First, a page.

Five Simple Ways To Develop Leaders In Your Church

Posted by Aaron Buer on August 23, 2018

Recently, I shared a post on why leadership development doesn’t happen often in churches.

Today, I want to share a few more practical tips on the subject of leadership development.

Why?

Because, too often we think that raising up new leaders is terribly complicated when in reality it isn’t. It just requires steady attention.

I believe that any church can develop new and younger leaders.

Here are five ideas:

1. Start a Book Club

Something that we have done that is very effective and doesn’t require a massive budget is book clubs.

We simply choose good leadership books and a leader for the book club and invite our staff to sign up.

Often these groups meet over lunch. It’s simple and effective.

Here are a few leadership book ideas:

  • Thanks for the Feedback
  • Spiritual Leadership
  • Deep Work
  • The Five Dysfunctions of a Team
  • Good to Great
  • Deep and Wide
  • Conversations develop out of these meetings that can help leaders learn and grow together.

    2. Bring Someone Along with You

    Something I’ve been learning is that the best leadership development happens through mentoring conversations.

    Because of this, one of the most effective ways you can develop an emerging leader is to bring them along with you as you do whatever it is that you do.

  • If you are recruiting a volunteer, bring them along.
  • If you’re speaking at another church, bring them along.
  • If you’re leading worship at a youth retreat, bring them along.
  • Then, throughout the experience and on the way home, talk about why you do the things that you do and answer any questions they may have.

    This is leadership development at its finest.

    3. Share Feedback

    Again, leadership development often happens through conversations. Sometimes these conversations look like feedback.

    It’s amazing how often we give no feedback to staff and volunteers.

    We think we are being nice to people by not giving them feedback when the truth is that everyone craves feedback.

    We want and need to know how we are doing. This is why we have scoreboards, grades, speedometers, and performance reviews.

    I would encourage you to build strong relationships with your staff and volunteers so that you have the equity to share with them something they did well and a growth area every time they complete a task or project.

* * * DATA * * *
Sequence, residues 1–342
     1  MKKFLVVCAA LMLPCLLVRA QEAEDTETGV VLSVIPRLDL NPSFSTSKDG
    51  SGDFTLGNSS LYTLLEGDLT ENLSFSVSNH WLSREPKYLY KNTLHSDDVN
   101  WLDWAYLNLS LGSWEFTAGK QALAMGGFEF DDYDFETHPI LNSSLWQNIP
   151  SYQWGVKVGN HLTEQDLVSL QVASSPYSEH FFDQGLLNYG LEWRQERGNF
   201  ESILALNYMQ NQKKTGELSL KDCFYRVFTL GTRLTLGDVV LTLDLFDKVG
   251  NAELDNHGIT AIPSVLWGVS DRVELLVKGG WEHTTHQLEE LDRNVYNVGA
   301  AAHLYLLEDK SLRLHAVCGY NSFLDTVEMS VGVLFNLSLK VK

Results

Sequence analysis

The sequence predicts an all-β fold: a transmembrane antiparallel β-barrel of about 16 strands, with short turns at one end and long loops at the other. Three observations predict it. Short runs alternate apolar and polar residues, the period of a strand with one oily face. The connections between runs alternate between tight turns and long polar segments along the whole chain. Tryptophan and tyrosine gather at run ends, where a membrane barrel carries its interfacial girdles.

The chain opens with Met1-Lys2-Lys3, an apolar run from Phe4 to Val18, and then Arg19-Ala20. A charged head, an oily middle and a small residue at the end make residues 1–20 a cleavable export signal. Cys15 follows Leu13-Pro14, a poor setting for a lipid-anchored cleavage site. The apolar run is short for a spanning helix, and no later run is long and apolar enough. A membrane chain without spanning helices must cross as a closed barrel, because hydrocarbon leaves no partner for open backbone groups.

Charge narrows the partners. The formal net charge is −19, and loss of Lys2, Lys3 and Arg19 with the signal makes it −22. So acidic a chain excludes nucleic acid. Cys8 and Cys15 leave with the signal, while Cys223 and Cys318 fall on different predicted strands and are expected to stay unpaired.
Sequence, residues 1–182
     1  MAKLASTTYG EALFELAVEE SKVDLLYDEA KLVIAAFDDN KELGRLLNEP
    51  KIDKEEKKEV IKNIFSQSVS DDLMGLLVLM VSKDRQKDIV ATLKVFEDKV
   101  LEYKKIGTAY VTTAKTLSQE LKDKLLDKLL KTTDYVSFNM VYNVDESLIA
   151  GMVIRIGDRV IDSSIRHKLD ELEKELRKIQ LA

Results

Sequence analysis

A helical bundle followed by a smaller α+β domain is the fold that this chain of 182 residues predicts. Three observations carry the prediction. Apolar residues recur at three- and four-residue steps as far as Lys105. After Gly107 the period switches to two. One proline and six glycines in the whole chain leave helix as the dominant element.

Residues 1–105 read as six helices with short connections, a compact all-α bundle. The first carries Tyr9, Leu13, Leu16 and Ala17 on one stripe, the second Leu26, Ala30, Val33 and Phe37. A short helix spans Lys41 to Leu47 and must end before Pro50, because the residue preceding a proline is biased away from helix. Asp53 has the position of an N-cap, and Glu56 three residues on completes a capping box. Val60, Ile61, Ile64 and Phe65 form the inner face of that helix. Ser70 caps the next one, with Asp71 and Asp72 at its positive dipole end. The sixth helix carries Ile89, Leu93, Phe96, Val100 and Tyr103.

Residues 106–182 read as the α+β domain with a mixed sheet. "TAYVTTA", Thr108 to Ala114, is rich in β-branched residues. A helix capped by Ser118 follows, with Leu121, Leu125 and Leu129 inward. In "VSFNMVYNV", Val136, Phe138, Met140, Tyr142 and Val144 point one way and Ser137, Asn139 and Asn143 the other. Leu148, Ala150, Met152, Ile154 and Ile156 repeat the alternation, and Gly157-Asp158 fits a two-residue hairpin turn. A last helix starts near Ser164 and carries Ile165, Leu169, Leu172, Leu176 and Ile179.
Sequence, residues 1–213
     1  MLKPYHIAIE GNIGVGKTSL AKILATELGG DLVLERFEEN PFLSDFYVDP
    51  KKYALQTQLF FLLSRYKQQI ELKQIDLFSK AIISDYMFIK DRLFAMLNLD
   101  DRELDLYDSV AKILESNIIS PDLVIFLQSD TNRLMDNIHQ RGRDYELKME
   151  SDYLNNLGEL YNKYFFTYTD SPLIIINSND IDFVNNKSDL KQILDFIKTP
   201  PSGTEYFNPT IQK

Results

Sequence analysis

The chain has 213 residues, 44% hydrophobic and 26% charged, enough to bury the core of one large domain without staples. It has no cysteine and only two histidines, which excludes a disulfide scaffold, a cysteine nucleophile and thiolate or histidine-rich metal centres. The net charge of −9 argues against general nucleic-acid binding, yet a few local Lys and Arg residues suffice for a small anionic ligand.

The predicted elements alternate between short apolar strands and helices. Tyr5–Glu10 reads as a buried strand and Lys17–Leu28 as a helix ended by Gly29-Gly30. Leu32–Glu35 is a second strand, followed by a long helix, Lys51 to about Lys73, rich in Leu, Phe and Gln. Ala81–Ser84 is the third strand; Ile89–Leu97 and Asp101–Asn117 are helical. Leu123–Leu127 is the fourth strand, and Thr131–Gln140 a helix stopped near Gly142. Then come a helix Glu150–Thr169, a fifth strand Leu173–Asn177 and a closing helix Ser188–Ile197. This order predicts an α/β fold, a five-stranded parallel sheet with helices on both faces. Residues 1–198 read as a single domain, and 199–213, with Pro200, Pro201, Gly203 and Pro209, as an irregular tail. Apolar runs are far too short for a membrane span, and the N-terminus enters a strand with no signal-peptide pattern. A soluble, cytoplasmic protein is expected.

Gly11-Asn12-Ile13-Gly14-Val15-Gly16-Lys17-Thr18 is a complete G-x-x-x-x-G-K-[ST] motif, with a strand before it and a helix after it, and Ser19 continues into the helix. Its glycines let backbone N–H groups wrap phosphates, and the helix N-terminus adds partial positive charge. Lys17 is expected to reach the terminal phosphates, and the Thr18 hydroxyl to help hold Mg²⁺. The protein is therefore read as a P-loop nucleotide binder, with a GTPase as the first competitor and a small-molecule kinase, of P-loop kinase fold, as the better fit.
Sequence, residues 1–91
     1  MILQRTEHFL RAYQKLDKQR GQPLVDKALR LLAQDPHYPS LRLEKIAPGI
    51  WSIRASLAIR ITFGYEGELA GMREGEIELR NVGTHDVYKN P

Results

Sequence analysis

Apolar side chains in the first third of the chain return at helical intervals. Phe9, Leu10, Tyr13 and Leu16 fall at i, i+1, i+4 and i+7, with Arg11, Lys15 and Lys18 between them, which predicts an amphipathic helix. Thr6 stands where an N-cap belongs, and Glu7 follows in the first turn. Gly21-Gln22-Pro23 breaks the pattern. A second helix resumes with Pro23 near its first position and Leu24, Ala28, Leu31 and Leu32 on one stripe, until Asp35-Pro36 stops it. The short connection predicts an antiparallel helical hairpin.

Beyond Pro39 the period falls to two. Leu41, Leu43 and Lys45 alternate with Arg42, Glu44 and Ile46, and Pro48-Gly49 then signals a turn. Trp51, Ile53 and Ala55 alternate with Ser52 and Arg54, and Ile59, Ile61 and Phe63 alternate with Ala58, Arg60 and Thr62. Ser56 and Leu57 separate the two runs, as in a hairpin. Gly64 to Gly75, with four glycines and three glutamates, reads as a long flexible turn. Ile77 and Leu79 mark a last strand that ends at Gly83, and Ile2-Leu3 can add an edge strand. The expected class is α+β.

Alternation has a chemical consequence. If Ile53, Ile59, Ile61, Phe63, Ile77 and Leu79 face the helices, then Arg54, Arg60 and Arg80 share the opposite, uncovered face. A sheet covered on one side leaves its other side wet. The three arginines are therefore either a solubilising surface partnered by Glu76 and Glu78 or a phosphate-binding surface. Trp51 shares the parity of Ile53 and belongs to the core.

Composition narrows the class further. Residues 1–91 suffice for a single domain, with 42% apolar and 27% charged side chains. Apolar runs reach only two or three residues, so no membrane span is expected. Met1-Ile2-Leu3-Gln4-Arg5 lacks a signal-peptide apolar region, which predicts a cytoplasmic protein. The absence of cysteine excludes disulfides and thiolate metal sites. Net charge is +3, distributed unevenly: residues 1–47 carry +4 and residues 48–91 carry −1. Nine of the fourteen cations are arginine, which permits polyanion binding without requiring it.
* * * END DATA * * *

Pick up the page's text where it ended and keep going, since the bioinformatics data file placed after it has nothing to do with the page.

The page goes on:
There is very often no growth without feedback. If you want to develop leaders, give them feedback.

    4. Send People to a Workshop or Conference

    Ok, it’s true that this idea often costs money, but spending money does communicate value.

    If you want to see what an organization, family or church values, look at their spending habits.

    If you say you want to develop leaders but don’t spend any money on it...you don’t actually want to develop leaders.

    One of the best ways to communicate value and also invest in emerging leaders in your church is to send people to a class, workshop or conference.

    Here a few that I’ve found and or heard are phenomenal:

  • Orange Conference or Orange Tour
  • Catalyst Conference
  • Drive Conference
  • If you’re interested in looking through every major church leadership conference that is happening this year, check out this post I found.

    Also, when thinking through options, don’t forget to look into workshops that local Christian colleges and seminaries put on.

    For example, here are two great options in my home city of Grand Rapids, MI:

  • Calvin Symposium
  • Grand Rapids Theological Seminary Talking Points
  • 5. Give Away Leadership

    The last strategy for developing leaders is to actually give away leadership responsibilities.

    There really is no substitute for giving people opportunities to lead.

    People learn through doing more than through hearing.

    Also, giving away leadership communicates that you care about emerging leaders, especially if they are young.

    The book 'Growing Young' calls this concept keychain leadership.

    So the question is: What can you give away to an emerging leader?

    Are there platform opportunities for a budding communicator?

    Can you open up another spot for a guitarist?

    Is there a project, initiative or even an entire ministry that you can give away?

    Often, leadership development looks like opportunities.

    Wrap Up

    So there you go. Five simply ways to develop leaders in your church.

    In my opinion, developing leaders is not complex. It often involves conversations and mentoring.

    So, if you’re looking to take a first step in this area, a book club costs very little and can be very effective.

    We’d love to hear your ideas or questions on leadership development. Feel free to share your thoughts in the comments below.

    Topics: Advice

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